CLOSE ENCOUNTERS: Several of the PLA fighter jets that crossed the median line of the Strait came within 68km of Hsinchu, drawing warnings from Taiwan, the ministry said At least 18 Chinese military aircraft yesterday flew into the nation’s air defense identification zone (ADIZ) on the second day of a US delegation’s visit, the Ministry of National Defense said, adding that the military responded by deploying an air defense missile system to monitor their activities. A delegation led by US Undersecretary of State for Economic Growth, Energy and the Environment Keith Krach on Thursday started a three-day visit to Taiwan. The ministry from Thursday started publicizing the actions of the Chinese People’s Liberation Army (PLA) in Taiwan’s ADIZ on its Web site and Twitter. According to ministry reports, 18 PLA aircraft
TWO CASES: The five allegedly conspired with conglomerates, threatening the nation’s governance and subverting the rules of ethical conduct, a deputy chief prosecutor said Taipei prosecutors yesterday charged three legislators and one former lawmaker with contravening the Anti-Corruption Act (貪污治罪條例) in a case linked to former Pacific Distribution Investment Co (太平洋流通) chairman Lee Heng-lung’s (李恆隆) battle with the Far Eastern Group (遠東集團) over ownership of the Pacific SOGO Department Store (太平洋崇光百貨) chain, while independent Legislator Chao Cheng-yu (趙正宇) was indicted in a separate case involving two funeral services companies and a plot of land in a national park. Chinese Nationalist Party (KMT) legislators Chen Chao-ming (陳超明) and Sufin Siluko (廖國棟), Democratic Progressive Party (DPP) Legislator Su Chen-ching (蘇震清) and former New Power Party legislator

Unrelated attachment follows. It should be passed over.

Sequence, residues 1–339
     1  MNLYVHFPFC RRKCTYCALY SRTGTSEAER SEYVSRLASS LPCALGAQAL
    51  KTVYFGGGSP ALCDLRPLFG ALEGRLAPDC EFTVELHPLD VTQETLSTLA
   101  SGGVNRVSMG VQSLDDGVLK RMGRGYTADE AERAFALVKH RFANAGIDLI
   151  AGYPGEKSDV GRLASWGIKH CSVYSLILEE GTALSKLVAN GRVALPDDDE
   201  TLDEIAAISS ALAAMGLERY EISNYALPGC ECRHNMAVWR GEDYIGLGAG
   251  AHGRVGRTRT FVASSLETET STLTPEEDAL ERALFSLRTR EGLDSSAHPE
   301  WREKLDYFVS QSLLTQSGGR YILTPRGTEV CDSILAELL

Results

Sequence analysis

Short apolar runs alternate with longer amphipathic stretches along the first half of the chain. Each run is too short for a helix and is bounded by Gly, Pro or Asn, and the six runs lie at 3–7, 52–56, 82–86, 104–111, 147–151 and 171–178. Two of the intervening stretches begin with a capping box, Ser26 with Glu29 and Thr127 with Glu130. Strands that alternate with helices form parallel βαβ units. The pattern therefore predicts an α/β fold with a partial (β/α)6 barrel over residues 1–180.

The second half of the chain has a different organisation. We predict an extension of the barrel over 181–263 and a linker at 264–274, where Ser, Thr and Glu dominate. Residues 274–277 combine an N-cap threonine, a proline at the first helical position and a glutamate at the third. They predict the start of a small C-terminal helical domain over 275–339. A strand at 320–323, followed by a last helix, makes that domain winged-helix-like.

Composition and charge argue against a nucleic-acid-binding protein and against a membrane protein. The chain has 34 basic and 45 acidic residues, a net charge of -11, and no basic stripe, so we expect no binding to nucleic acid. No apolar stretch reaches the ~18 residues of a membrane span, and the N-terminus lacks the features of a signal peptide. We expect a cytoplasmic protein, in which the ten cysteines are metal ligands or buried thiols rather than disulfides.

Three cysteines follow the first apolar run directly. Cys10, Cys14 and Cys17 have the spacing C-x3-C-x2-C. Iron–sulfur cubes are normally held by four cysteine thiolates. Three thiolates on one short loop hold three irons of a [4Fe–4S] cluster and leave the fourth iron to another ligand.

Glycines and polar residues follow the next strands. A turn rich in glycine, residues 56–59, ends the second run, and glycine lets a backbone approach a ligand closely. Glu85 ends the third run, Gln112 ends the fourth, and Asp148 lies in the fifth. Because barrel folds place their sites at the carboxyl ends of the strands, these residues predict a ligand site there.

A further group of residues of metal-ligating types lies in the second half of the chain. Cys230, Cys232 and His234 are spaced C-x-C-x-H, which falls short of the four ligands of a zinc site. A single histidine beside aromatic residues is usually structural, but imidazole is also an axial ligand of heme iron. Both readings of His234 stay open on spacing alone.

PENGHU INSPECTION: Taiwan cannot let its enemies strut around in its airspace, Tsai said, one day after a Chinese spokesman denied a median line exists in the Taiwan Strait Following China’s assertion on Monday that there is no “median line” in the Taiwan Strait, President Tsai Ing-wen (蔡英文) yesterday pledged to defend the nation’s airspace during a visit to an air force base in Penghu, saying that Taiwan cannot allow others to flex their military muscle in its territorial airspace. Tsai praised the “heroic performance” of the pilots of the Indigenous Defense Fighters who have been intercepting Chinese People’s Liberation Army Air Force planes in recent days. “I have a lot of confidence in you. As soldiers of the Republic of China [ROC], how could we let enemies strut
Swedish Member of Parliament Hampus Hagman is pushing for changing the name of the nation’s trade office in Taipei to signal improved relations with “Asia’s perhaps foremost democracy.” Hagman on Wednesday last week proposed renaming the Swedish Trade and Invest Council to “Sweden’s Office in Taipei,” following similar changes by other nations. The Swedish Trade and Invest Council, part of Business Sweden, is owned by the Swedish government and Swedish industry. Taiwan and Sweden share important values such as respect for democracy, human rights, the rule of law and freedom of speech, Hagman said in the motion, adding that the two nations